Aug 12, 2021 - Politics & Policy

HHS to require COVID-19 vaccine for 25,000 of its health care workers

 Xavier Becerra, secretary of Health and Human Services, arrives to testify during a Senate Finance Committee
HHS Secretary Xavier Becerra. Photo: Tom Williams/CQ-Roll Call, Inc via Getty Images

The Department of Health and Human Services on Thursday announced that it will require more than 25,000 members of its health care workers to be vaccinated against COVID-19.

Why it matters: It's the latest federal agency to implement a vaccine mandate, joining the Department of Veterans Affairs and the Pentagon.

Driving the news: "Our number one goal is the health and safety of the American public, including our federal workforce, and vaccines are the best tool we have to protect people from COVID-19, prevent the spread of the Delta variant, and save lives," HHS Secretary Xavier Becerra said in a statement.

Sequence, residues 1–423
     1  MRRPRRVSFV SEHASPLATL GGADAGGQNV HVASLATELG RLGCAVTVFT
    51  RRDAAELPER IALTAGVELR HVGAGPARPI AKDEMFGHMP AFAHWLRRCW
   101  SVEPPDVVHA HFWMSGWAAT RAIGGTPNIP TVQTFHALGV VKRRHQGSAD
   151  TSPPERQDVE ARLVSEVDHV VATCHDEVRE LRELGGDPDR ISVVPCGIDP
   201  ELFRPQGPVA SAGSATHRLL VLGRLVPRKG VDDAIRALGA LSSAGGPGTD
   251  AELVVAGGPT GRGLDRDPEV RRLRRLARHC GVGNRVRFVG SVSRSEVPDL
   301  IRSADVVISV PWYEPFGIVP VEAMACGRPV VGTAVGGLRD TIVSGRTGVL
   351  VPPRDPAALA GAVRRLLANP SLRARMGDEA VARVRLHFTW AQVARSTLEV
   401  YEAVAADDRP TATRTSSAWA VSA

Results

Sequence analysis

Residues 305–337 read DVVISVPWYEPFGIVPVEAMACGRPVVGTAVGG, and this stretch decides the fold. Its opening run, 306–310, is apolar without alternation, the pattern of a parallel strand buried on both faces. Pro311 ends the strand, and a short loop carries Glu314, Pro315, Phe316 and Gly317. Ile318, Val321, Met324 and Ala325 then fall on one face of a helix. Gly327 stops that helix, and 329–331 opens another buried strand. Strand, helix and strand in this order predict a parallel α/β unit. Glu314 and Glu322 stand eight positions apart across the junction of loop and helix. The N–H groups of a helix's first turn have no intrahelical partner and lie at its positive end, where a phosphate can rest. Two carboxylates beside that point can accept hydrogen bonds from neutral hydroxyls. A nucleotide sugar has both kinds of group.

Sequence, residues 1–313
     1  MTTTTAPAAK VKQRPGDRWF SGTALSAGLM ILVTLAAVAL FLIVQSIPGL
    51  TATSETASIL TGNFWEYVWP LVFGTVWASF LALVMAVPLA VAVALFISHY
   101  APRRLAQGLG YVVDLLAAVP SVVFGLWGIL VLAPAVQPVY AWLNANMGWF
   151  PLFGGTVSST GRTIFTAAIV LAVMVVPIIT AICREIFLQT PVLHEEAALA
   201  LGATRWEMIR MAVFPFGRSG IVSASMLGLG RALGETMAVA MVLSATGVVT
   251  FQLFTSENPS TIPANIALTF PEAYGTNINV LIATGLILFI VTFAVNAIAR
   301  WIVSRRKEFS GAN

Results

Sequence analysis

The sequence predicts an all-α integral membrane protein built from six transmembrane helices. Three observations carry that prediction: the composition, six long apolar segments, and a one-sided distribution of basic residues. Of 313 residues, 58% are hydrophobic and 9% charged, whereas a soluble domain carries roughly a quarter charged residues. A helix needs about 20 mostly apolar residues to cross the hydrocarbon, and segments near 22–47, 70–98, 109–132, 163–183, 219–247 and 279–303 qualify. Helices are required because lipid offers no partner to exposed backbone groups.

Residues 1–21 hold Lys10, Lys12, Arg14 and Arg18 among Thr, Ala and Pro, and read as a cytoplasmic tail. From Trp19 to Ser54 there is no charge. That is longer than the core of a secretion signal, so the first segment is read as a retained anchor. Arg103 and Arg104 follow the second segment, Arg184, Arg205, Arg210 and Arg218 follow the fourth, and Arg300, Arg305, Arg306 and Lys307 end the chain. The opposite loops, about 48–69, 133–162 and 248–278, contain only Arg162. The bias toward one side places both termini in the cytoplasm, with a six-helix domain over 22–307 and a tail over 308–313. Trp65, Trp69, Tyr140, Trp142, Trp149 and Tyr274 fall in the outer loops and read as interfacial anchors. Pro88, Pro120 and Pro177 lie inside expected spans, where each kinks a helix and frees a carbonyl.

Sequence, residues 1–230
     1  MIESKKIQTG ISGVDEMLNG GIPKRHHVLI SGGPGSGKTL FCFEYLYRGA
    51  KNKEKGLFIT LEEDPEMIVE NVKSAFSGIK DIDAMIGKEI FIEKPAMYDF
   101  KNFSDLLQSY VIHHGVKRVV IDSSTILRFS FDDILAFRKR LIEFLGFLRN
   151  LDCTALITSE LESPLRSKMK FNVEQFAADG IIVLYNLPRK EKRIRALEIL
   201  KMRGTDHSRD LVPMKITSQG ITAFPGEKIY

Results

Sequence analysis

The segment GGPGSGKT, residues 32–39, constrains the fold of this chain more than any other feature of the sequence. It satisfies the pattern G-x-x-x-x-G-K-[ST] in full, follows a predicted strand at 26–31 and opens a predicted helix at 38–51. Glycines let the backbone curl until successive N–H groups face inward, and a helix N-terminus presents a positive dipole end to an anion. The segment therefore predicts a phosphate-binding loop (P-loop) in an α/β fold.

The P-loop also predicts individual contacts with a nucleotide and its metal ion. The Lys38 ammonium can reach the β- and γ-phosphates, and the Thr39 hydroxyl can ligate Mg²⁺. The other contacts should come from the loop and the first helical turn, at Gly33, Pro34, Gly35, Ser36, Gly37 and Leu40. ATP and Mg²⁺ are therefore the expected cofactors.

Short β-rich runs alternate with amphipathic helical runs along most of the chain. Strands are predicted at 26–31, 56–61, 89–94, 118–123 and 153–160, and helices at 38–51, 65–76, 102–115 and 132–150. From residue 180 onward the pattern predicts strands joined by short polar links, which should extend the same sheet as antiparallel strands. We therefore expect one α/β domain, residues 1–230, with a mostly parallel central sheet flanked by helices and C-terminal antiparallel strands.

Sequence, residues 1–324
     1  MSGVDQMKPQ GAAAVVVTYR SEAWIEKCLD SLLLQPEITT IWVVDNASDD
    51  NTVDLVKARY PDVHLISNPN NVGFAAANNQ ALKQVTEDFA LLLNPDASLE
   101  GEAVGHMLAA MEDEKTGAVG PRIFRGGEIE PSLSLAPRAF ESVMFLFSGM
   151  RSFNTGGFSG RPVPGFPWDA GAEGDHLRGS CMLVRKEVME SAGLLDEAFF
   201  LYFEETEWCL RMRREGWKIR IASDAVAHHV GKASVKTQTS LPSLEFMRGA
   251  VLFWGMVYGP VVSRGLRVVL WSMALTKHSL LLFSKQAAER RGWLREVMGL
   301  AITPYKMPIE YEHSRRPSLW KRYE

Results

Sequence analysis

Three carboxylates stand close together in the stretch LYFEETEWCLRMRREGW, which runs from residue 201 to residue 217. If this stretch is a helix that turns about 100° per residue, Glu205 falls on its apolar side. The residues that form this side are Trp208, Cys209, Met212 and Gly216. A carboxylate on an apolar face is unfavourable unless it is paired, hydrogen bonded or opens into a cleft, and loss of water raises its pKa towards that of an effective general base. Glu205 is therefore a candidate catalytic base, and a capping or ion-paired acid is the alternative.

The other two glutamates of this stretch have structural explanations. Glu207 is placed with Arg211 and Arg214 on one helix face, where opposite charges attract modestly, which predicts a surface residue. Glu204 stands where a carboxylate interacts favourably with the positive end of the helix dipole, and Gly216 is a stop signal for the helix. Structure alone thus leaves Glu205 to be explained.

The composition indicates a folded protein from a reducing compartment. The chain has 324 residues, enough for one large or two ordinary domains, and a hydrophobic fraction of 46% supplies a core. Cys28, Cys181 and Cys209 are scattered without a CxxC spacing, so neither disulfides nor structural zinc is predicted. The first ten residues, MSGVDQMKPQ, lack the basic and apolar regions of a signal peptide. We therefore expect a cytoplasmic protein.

• Health care and research staff who work at the Indian Health Service (IHS) or National Institutes of Health (NIH) and potentially interact with patients will be required to receive the vaccine.
  • Members of the U.S. Public Health Service Commissioned Corps will also be required to receive the COVID vaccine.

The big picture: The IHS, NIH and the Commissioned Corps already require health care workers to receive the seasonal flu vaccine and other vaccinations, with a process for medical and religious exemptions. The same processes will be applied for the COVID-19 vaccine requirement.

  • "As President Biden has said, we are looking at every way we can to increase vaccinations to keep more people safe, and requiring our HHS health care workforce to get vaccinated will protect our federal workers, as well as the patients and people they serve," Becerra said.

Go deeper: Pentagon will require all troops to get COVID vaccine by Sept. 15

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